Malcolm Hoenlein’s business card must have words falling off the edges, given his title and the organisation he represents.
As executive vice-president of the Conference of Presidents of Major American Jewish Organisations, Hoenlein is arguably the world’s most powerful official Jew.
He travels from the US every three weeks, with a punishing schedule, and has unparalleled access to global leaders which depends heavily on Hoenlein’s mantra of never leaking the contents of his discussions.
Yet this Philadelphia-born Orthodox Jewish leader has plenty to say. The Conference of Presidents, as it is usually known, is an umbrella group of more than 50 US Jewish organisations, spanning the political spectrum, so Hoenlein has to tread a delicate line in articulating policy.
“I have a rule,” Hoenlein drawls, “I don’t deal with any [US] administration until they find out where the bathrooms are.” Thus he will not yet to be drawn on what might be the relationship between US Jewry and President Trump.
He believes the president cannot sustain the pace of executive orders that began his term. “The test is facing real world choices. We’ll have to see what is deliberate and what is the early White House trying to find its footing.”
As for Trump’s pledge to move the American Embassy to Jerusalem goes, Hoenlein has no doubts. “Everybody should recognise that this is correcting an historic wrong. But it has to be done correctly, and it has to be done smartly. It’s a huge operation and it’s going to take time.”
He says this a lot, that an issue has to be dealt with “smartly”. It’s obvious, talking to him that there is an unexpressed exasperation when either the American or the Israeli government fails to do the smart or clever thing.
When Hoenlein meets the new Trump administration, top of his agenda will be Iran — “not just the nuclear programme, but the other things, the violations of human rights, the missile tests…” He is keen to talk to Trump about “how we can build [links] with the dissidents of the Iranian regime.” He thinks it is important for the US to speak to its allies in the region. “Send them messages to give them confidence to stand up against Iran and tell them we will be a reliable ally for them.” One Muslim leader, he claims, “told me that by America’s actions [in the last administration] we were driving him into Putin’s arms. You can’t alienate people like that.”
He thinks discussions to bring Israel into a Mediterranean alliance would have a good reception in the Arab world. Some countries “are very critical of the Palestinian Authority, feel it’s a kleptocracy [and] recognise the incitement they’ve engaged in”.
Hoenlein believes Iran remains the central problem in the Middle East. “You solve Iran and Hezbollah won’t be Hezbollah, Hamas won’t be Hamas, the war in Yemen will come to a close… there are so many issues that are directly related to Iranian support, involvement, and the goals of its regime. But I do not believe Iran could destroy Israel. I also believe strongly in working with the young people in Iran. There are ways to support them and undermine the regime.”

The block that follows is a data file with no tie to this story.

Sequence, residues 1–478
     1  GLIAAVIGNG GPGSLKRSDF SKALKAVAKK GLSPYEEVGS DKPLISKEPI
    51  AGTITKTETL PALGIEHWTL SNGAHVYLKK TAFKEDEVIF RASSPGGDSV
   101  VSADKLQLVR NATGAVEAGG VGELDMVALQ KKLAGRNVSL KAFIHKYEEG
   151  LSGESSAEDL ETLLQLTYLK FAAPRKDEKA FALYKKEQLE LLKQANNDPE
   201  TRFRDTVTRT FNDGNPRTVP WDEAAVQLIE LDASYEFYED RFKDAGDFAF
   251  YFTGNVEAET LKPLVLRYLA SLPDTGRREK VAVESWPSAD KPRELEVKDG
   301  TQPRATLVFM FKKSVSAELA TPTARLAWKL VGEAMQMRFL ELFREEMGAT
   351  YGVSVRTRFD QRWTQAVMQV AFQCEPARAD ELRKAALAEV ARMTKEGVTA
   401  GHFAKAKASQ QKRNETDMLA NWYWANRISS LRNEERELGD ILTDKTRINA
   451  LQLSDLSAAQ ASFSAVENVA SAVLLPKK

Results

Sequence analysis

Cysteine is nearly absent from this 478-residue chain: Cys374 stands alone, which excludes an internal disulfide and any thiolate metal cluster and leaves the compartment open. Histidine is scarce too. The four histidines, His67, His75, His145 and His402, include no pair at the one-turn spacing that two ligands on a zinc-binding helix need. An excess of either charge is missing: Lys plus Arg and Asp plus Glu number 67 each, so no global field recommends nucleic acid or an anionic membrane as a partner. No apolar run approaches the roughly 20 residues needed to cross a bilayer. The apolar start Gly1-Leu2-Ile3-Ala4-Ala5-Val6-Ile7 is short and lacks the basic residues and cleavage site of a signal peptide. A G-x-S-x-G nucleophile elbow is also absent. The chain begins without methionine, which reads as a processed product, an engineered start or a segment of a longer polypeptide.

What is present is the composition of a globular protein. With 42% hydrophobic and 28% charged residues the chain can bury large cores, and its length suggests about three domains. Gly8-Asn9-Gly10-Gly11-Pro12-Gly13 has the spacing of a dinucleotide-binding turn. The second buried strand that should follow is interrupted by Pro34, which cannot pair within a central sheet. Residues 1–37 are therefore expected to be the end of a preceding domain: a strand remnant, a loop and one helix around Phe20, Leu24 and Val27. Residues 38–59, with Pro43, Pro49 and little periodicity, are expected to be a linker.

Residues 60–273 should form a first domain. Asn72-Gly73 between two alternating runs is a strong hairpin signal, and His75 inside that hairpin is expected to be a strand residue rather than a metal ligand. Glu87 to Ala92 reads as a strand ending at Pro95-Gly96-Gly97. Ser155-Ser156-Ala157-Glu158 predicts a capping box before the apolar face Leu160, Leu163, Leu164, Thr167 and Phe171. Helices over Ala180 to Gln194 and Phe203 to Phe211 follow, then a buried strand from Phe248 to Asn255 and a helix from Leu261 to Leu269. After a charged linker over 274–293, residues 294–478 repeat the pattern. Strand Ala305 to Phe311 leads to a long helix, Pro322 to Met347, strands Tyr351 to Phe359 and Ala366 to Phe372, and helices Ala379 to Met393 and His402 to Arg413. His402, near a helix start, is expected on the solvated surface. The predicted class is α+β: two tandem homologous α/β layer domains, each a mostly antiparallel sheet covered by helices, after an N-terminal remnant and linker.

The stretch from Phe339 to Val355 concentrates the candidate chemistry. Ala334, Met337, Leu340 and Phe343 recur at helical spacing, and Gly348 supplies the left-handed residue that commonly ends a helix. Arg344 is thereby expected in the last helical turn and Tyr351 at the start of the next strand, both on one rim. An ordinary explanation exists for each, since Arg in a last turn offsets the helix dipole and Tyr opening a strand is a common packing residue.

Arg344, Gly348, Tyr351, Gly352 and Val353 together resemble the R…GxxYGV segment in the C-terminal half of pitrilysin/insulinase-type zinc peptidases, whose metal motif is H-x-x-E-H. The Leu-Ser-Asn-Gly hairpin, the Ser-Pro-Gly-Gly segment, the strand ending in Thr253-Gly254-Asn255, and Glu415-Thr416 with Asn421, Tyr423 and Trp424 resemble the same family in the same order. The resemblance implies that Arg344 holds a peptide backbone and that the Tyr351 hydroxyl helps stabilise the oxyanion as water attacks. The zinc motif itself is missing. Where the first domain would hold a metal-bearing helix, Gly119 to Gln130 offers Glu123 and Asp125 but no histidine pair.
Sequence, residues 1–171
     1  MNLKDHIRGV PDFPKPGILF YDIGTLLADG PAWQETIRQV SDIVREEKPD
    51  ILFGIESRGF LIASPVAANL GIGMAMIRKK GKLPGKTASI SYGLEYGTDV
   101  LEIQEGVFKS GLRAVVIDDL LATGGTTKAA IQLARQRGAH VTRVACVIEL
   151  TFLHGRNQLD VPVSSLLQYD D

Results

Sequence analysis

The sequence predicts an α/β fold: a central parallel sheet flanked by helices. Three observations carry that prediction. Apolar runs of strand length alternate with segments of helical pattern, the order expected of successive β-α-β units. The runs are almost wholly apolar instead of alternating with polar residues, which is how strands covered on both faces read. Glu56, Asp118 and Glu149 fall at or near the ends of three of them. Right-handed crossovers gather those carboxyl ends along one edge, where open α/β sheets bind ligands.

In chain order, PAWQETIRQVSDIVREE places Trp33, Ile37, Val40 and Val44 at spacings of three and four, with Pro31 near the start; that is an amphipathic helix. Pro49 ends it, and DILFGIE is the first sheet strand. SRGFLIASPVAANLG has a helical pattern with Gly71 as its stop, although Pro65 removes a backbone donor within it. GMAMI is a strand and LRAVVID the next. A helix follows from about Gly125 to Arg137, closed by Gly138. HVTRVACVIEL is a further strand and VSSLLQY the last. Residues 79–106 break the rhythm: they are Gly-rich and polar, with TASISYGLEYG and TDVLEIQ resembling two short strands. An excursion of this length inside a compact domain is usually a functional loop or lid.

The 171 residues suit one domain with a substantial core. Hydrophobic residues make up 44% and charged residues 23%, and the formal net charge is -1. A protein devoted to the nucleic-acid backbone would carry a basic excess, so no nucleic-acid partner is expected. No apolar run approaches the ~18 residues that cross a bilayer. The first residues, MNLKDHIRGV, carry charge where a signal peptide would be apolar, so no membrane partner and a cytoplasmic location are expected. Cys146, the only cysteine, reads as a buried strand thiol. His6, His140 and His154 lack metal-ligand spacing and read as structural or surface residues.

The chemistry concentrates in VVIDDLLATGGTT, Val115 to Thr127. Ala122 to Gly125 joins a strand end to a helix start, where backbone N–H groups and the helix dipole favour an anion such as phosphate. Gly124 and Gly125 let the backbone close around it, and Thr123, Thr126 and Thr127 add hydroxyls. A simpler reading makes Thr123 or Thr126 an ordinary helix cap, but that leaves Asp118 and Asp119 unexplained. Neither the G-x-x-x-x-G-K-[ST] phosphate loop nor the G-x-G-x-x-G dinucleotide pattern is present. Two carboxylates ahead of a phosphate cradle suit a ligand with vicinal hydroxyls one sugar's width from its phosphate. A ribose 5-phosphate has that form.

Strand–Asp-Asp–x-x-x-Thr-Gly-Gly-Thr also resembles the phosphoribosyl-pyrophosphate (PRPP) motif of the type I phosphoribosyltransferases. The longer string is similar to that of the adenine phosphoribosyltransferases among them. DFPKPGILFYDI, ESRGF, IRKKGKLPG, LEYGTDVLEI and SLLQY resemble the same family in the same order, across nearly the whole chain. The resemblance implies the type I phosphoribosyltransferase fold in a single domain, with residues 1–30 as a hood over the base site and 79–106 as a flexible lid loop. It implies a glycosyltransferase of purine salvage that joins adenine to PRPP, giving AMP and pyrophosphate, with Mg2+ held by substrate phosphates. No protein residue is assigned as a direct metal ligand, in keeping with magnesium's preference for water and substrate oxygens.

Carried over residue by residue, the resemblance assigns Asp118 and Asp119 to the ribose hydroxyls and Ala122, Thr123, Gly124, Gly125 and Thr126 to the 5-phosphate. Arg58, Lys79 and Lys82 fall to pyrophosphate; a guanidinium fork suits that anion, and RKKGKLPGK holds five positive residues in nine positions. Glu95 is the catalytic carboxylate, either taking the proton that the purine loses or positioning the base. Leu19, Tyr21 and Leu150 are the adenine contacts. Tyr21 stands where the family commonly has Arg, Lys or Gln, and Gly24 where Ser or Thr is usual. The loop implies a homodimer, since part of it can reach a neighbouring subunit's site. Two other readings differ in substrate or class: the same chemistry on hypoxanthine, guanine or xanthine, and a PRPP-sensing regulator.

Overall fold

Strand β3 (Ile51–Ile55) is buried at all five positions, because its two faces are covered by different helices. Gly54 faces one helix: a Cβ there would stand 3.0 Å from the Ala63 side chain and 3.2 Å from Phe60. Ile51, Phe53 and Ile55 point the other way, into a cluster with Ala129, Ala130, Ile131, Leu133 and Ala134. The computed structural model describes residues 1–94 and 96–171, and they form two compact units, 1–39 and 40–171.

He’s all for presenting a “crazy-slash-smart” perspective. “That is, crazy meaning thinking out of the box. If people don’t know what to expect, it puts us in a better position, you have leverage.”
When he meets Arab leaders today, the way they talk about Israel “is very different from a few years ago. Israel is seen as a goldmine because of what it’s developed.”
He won’t say everything is wonderful, “but more Israelis travel to these countries than people acknowledge. Arab leaders are concerned about the street, and decades of incitement will take time to root out. But things are changing”. Hoenlein smiles. “Loose lips sink ships, and people have meetings with us because they know we will never leak anything. That gives them confidence to trust us.”
On links to the UK, he says: “I have great respect for many of the leaders here. We have worked closely with them and developed ties. Jonathan Arkush is a serious leader of the Board of Deputies. I spoke at a meeting there last week and we had a wonderful, meaningful exchange. We have a long-term relationship with the JLC and close relationship with CST. Our security in the US is modelled on what they do. Britain, in this case, was way ahead of us in the US and, I think, it still is.
“After this trip [to the UK] we will try and enhance the relationship with the country. My argument, for 15 years, is that we have to look to Britain as the model, not France, on dealing with anti-Semitism — because with France, anti-Semitism is always bottom up, in Britain it’s top down. I call it the poisoning of the elites — remember when the architects had that meeting? I said at the time, that’s the model, it’s not going to be grassroots antisemitism, but antisemitism from the top down.
On BDS Britain is always going to be the model for us to study. We have to work closely with other communities, and I always meet the local community, because they have to live with the aftermath. It’s easy for us to come in and throw [metaphorical] bombs, they have to clean up afterwards. “We can always do more if the community wants to come and join us. I don’t believe in treaties between Jewish communities, because we are all on the same side.”